always in my prayers, asking that somehow by God's will I may now at last succeed in coming to you. (ESV)
Have you ever had that situation where you talk to someone and they begin to tell you their current list of troubles? You patiently listen and then you tell them, "I'll be praying for you." A few weeks go by and you run into that same person. They begin to share how God worked in their life and answered all their troubles. They are so thankful and say, "Thank you for praying!"
There's only one problem. You never prayed for them. Oh, you meant to. In fact, you had the greatest intentions of praying for them. You were deeply moved by their situation. You pictured yourself in their shoes and you knew that you would not have handled their struggles well. You meant to pray. But you forgot.
The Apostle Paul does not seem to suffer from the problem of forgetting to pray. I hope you don't feel bad if you identified too well with my "story." We have all been there. Paul has these believers in the church at Rome always in his prayers. We know that he was thankful for their faith. As a skilled teacher he wanted to meet them face to face and share more of God's truth with them.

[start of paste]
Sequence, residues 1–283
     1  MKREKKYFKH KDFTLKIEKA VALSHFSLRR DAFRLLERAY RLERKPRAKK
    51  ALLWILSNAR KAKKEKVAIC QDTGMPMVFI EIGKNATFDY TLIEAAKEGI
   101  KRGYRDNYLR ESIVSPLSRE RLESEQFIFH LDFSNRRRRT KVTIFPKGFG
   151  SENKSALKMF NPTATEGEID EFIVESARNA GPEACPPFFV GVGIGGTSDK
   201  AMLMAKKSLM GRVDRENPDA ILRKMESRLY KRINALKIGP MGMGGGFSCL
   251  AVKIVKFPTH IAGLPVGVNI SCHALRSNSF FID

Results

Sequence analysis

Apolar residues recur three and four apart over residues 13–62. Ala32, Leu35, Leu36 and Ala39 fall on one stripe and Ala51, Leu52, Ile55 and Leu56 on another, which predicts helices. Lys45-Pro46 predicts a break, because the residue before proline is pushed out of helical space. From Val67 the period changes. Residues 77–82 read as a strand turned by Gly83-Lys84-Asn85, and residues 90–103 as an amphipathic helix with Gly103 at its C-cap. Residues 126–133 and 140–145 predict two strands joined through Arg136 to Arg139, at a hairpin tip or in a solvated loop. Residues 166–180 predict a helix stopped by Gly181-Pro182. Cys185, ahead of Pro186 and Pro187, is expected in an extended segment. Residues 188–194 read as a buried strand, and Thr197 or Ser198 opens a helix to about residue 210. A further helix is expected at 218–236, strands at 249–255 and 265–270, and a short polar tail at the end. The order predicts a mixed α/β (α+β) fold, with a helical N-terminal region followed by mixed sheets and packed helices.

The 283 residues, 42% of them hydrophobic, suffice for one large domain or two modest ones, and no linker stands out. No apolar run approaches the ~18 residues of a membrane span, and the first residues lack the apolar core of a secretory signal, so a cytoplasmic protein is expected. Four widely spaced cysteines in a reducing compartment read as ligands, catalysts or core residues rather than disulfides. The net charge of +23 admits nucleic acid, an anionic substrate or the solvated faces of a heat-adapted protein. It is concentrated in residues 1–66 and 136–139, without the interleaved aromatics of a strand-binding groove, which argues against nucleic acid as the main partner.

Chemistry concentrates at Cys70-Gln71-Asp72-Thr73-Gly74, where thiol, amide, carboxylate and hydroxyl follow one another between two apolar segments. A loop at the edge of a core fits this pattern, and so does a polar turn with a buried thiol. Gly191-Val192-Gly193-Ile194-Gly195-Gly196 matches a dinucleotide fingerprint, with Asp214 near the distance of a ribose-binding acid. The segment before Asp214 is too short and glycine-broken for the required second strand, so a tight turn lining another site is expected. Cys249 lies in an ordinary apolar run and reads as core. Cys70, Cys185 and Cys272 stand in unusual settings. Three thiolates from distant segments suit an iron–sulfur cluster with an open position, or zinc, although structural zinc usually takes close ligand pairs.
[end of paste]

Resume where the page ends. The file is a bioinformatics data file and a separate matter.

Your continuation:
Paul seeks God's will in his trip to Rome. This is such an important point. Paul knows that God is ultimately in charge of where he goes and when he goes there. While Paul waits for God's go-ahead to go to Rome he is content to send this masterpiece of a letter. Paul eventually made it to Rome. He went as a prisoner. He was martyred there. It's interesting how God answers prayers.
Paul was faithful in prayer. He is a great example to us. One of the ways for us to remember specific prayers is to be "always in prayer." Begin talking to the Lord in the morning. Don't stop until you rest your eyes at night. Ask him to help direct your scattered thoughts. He will help you.